Eyes of the Fleet

Eyes of the Fleet

Sunday, October 09, 2005

Extended NIMBYism and LNG

Sure, we need fuel, and we need fuel where we need fuel and LNG has been safely transported for 60+ years, and the proposal is for a location 2 miles off shore, but.... see this.
To develop the island, the company would first need a two-thirds vote by the Legislature and approval by the state Department of Conservation and Recreation. Local legislators, who anticipated that a bill would be filed by November, said they would follow Hull's selectmen's decision on whether to move forward with the terminal, which would vaporize the super-cooled gas and send it through a 1.2-mile-long undersea pipe, eventually flowing into a Beverly-to-Weymouth pipeline.
Safety is the foremost concern for local officials. A Department of Energy study from December 2004 found that an attack on an LNG tanker could create a thermal blast igniting buildings more than a third of a mile away and causing second-degree burns a mile away. Hull sits about 2 miles from the island, leaving it outside the danger zone outlined in the report, but officials still have questions.
''What's the potential harm?" said Bradley. ''They talk about a mile thermal range, but is that decreased if [the terminal] is sunk into the ground? Is that [distance] the same if it's over water? How many times are they going to have the ship there? What's the process of the unloading?"
Chris Olivieri, chairman of the Board of Selectmen, said the Jacobs Elementary School, where the town is about to invest several million dollars, is one of the closest points to the island.
Aaron Samson, managing director of LNG projects for AES Battery Rock, said there are no homes within a 2.1-mile radius of the terminal, well beyond the thermal impact zone outlined in the government report, and that security specialists have said that risk of a terrorist attack on a tanker is significantly lessened if terminals are located away from people.
Locals also have basic questions about tanker traffic, boating restrictions, and potential impact on local fishermen, who prefer to fish near rocky outcroppings like Outer Brewster and its neighbors. Tankers that enter Boston Harbor to make deliveries to the Distrigas terminal in Everett have been under heavy guard, with air, land, and sea traffic shut down.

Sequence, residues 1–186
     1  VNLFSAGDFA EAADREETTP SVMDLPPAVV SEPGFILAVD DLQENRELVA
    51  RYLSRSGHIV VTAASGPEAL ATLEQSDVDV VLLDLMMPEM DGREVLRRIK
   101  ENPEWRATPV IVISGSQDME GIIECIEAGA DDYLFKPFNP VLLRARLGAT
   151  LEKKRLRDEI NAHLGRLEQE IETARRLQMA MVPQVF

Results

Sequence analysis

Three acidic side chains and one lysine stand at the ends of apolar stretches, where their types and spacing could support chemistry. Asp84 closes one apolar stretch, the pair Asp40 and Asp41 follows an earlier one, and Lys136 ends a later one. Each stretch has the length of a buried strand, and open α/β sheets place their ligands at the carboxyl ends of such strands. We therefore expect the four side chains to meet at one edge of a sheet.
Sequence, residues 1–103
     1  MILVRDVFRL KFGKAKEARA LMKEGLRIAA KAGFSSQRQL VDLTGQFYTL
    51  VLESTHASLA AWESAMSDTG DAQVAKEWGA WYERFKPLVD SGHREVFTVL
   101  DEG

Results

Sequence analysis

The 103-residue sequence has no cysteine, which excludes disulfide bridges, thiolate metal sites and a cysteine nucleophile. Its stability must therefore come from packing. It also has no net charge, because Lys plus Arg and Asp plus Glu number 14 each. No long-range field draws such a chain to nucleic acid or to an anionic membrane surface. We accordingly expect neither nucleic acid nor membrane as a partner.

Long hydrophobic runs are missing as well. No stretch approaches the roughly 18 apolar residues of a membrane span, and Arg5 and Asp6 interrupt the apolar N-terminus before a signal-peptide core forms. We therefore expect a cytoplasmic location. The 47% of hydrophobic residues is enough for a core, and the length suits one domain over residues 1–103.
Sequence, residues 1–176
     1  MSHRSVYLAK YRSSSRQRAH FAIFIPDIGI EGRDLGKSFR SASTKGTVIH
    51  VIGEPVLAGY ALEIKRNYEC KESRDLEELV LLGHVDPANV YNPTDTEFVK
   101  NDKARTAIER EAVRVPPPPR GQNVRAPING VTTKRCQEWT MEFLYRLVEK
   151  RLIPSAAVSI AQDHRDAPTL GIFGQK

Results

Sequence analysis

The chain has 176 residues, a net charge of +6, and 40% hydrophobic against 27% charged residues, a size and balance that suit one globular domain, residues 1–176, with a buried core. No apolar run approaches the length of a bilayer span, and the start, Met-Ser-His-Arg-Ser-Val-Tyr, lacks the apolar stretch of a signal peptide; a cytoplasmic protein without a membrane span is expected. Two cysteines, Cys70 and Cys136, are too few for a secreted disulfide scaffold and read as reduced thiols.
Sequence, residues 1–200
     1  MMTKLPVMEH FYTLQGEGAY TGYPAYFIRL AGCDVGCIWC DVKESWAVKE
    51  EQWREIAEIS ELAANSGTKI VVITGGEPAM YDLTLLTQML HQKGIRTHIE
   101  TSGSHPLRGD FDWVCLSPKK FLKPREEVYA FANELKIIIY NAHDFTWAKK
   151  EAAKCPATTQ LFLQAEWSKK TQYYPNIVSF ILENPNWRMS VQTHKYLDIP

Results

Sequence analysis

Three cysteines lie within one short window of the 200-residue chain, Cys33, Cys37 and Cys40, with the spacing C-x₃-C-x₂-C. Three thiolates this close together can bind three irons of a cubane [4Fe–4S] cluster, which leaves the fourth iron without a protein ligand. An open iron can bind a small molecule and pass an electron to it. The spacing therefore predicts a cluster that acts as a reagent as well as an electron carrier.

Hull officials are also looking for potential benefits. AES Battery Rock has estimated that the project would create hundreds of construction jobs and 40 to 50 permanent jobs. Company officials have said that the firm would probably pay $10 million to the state to lease the island, as well as a projected $5 million in property taxes to the city of Boston.
''Hull is the most impacted community, in terms of the location of homes and view and everything else, so the case can be made that Hull should be on equal footing" with Boston, said state Senator Robert Hedlund, a Weymouth Republican who represents Hull.
The Hull Lifesaving Museum, Save the Harbor/Save the Bay, and the Boston Harbor Island Alliance have opposed the proposal.
''We really feel that it is inappropriate for this land, which has been carefully studied and made into a national recreation area, to be considered for industrial purposes," said Lory Newmyer, executive director of the Hull Lifesaving Museum, which has accumulated hundreds of signatures opposing the project.
Let the NIMBYs freeze in the dark. They've got theirs.

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